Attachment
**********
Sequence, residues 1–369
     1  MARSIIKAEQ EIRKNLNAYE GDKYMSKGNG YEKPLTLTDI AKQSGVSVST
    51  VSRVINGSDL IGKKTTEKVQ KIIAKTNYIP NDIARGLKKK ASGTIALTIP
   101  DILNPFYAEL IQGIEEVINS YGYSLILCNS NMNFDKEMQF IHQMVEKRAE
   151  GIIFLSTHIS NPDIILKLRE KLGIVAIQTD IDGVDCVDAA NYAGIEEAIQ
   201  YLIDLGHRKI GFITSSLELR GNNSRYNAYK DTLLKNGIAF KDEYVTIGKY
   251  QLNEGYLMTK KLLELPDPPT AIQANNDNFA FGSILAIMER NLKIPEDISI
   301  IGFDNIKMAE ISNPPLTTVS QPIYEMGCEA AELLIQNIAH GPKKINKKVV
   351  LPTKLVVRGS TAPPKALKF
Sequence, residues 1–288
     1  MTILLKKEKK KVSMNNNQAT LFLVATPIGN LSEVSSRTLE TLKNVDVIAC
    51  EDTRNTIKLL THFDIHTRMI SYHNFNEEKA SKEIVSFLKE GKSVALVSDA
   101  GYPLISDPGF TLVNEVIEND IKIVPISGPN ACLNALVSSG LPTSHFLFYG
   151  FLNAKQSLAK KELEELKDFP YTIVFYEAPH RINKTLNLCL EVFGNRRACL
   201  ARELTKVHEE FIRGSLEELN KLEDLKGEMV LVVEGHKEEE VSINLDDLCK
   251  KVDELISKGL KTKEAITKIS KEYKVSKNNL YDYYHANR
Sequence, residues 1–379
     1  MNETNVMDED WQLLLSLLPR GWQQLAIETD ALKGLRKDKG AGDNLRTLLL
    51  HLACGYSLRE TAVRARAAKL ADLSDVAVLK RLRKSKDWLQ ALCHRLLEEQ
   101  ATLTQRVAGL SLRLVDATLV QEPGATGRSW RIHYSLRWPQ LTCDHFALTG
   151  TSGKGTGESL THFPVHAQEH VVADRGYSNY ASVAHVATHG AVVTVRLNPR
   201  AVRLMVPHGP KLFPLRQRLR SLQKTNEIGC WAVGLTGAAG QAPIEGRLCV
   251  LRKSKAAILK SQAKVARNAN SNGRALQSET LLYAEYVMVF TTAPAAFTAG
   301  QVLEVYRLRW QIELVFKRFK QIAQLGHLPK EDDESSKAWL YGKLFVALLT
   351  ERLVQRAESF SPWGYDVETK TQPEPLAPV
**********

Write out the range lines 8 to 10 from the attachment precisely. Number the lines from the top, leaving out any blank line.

   301  IGFDNIKMAE ISNPPLTTVS QPIYEMGCEA AELLIQNIAH GPKKINKKVV
   351  LPTKLVVRGS TAPPKALKF
Sequence, residues 1–288